What It's Like to Fail.

Twenty-five years ago, David Raether was a successful comedy writer -- a member of the writing staff of Roseanne. Five years ago, he was homeless. This is his story.
posted by workingdankoch on Nov 18, 2013 - 92 comments

“Feminism,” she said to herself, and then put on some red lipstick.

A Day In the Life of an Empowered Female Heroine (Previously)
posted by Artw on Nov 17, 2013 - 127 comments

A bigger threat to our way of life than Russian Communism

Brass Tacks, a BBC documentary / studio discussion programme from 1977, looks at the burgeoning phenomena of punk rock. (SLYT)
posted by fearfulsymmetry on Nov 16, 2013 - 11 comments

Better than Star Trek V anyway

In 1991, Your Family Could Make Its Own Star Trek Episode In the early ’90s, Universal Studios had the absolute genius idea to partner with Paramount Pictures to bring a green-screen experience to its Orlando, Florida theme park, in which Trekkies of all shapes and sizes could dress up, act out, and be inserted into a pre-filmed, Star Tours-esque episode of The Original Series. [more inside]
posted by fearfulsymmetry on Nov 13, 2013 - 48 comments

Zip it.

For those of us who remember, it's hard to believe that the "Morton Downey Jr." show (and consequently the height of Downey's stardom) lasted just two years. A new documentary has attempted to fill in the blanks of his life before and after that very brief celebrity. [more inside]
posted by AlonzoMosleyFBI on Nov 6, 2013 - 28 comments

Wait For It

Norway's Slow-TV Revolution
posted by box on Nov 5, 2013 - 32 comments

'It's not that I want to believe – it's impossible not to'

Shaun Ryder on UFOs
posted by fearfulsymmetry on Nov 2, 2013 - 33 comments

Broadcast Quality

Script excerpts and development materials from The Top 20 Best Written TV Series [exhibit] from the Writers Guild Foundation collections. [more inside]
posted by maggieb on Oct 28, 2013 - 65 comments

Blind Bets vs Sure Things

Few industries would routinely pay millions per unit of an item, sight unseen, with minimal (and sometimes no) market research. So how can the TV business afford to operate this way? To understand the economics of scripted television, we need to examine the idiosyncratic journey of a show from concept, to pitch, to script, to screen. And we’ll see why, in a business where only a few hits stand out any given year, lavish spending is the cost of staying relevant. -- The Economics of a Hit TV Show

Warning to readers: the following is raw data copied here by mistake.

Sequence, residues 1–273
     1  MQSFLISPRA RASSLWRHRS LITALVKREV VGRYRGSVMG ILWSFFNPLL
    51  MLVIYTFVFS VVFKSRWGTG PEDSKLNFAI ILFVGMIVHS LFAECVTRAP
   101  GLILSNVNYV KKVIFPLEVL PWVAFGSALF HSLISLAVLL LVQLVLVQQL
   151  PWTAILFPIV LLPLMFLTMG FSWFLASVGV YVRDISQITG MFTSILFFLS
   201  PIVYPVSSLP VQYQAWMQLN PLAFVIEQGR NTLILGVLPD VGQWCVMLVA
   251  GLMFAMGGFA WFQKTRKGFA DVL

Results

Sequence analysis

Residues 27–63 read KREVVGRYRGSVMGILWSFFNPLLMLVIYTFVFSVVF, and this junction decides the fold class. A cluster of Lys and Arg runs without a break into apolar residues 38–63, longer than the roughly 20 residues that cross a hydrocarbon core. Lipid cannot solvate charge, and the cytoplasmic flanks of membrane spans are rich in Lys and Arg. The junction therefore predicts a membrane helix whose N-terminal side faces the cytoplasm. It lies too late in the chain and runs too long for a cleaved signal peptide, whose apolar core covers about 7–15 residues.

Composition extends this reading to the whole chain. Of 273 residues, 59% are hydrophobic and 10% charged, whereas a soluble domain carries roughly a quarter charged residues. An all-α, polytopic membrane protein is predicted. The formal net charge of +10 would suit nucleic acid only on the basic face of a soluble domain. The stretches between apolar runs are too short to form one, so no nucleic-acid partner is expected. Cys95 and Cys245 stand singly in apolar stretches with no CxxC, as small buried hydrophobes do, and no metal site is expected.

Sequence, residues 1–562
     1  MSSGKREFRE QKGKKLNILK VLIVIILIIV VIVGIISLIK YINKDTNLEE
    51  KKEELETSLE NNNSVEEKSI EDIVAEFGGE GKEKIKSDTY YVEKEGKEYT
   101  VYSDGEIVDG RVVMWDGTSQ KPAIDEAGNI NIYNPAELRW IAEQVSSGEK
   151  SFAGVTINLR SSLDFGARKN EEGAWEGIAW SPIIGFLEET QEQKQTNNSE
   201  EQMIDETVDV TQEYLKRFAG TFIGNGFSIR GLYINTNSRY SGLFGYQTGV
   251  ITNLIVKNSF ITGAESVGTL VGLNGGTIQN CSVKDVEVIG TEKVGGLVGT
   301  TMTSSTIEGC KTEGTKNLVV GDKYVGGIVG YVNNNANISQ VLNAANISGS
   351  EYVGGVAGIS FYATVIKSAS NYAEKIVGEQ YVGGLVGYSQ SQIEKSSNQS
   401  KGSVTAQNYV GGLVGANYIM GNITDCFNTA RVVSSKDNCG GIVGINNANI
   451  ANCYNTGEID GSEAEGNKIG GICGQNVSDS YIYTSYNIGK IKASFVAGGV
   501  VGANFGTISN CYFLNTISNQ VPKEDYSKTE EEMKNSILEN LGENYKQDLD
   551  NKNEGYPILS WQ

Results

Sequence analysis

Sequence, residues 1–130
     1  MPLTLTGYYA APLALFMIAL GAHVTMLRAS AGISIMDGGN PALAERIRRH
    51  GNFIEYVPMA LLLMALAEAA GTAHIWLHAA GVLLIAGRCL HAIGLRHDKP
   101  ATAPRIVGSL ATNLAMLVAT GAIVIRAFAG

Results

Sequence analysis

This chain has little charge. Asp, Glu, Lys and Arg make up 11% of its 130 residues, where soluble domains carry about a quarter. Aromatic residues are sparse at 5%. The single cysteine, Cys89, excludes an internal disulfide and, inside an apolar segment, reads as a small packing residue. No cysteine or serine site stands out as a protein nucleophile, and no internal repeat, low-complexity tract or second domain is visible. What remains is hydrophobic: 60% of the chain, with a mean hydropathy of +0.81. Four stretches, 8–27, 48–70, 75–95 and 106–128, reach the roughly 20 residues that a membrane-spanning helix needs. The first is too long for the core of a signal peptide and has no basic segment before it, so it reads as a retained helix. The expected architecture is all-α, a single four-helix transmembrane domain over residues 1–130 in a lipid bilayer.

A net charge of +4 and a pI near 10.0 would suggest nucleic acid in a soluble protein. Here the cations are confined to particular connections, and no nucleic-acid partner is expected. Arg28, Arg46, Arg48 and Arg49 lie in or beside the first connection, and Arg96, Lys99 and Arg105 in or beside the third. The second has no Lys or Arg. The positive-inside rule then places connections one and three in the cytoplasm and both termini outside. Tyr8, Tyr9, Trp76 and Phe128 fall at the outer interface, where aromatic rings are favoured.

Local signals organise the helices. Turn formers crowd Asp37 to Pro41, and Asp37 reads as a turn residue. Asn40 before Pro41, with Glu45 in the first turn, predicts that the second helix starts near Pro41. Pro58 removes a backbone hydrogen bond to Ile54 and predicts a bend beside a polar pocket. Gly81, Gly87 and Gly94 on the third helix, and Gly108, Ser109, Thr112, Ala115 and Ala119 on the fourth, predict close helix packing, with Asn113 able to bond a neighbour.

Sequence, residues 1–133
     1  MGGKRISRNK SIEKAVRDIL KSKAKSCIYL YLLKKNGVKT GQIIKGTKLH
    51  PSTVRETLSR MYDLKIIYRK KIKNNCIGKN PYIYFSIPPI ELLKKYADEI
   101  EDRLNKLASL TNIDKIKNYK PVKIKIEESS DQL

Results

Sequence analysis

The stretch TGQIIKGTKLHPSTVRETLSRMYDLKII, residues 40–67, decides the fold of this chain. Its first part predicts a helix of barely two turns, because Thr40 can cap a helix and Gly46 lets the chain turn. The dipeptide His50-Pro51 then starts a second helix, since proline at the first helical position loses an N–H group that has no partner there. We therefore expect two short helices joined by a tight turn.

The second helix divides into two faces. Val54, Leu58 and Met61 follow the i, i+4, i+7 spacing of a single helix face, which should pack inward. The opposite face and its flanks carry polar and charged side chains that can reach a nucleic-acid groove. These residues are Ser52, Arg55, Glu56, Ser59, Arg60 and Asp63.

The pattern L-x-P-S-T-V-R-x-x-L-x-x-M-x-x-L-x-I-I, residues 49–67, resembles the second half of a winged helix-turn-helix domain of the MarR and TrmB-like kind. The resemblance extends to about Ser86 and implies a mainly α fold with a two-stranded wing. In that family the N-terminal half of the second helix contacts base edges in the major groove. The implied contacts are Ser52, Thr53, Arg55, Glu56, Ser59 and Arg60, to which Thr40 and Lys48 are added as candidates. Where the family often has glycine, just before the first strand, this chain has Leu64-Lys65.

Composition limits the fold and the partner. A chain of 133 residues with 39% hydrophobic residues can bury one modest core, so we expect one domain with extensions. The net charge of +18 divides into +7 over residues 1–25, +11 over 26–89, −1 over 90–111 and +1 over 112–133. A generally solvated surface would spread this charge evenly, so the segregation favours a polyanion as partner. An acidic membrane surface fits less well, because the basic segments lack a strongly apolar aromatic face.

posted by Potomac Avenue on Oct 23, 2013 - 56 comments

Bart to the Future

How to Make The Simpsons Relevant Again: The Characters Should Start Getting Older
posted by paleyellowwithorange on Oct 22, 2013 - 88 comments

"Really Rosie"

In 1975, CBS aired the half hour animated special "Really Rosie" with story and lyrics by Maurice Sendak (based on five of his children's books) and with music composed and performed by Carole King. Many have fond memories of the broadcast ("Chicken Soup with Rice" is a particular childhood earworm), and though it has yet to make it to DVD, you can watch it in full on YouTube. The special was later turned into an Off-Broadway production in 1980 and continues to be performed by kids across the country.
posted by AlonzoMosleyFBI on Oct 22, 2013 - 34 comments

RIP Ed Lauter

Character actor Ed Lauter has died. In a career that spanned over forty years, he was a familiar face on both television and film (and active until the end with appearances in "Trouble With The Curve" and "The Artist"). And with the greatest respect and affection, he also costarred in one the greatest bad films of the eighties.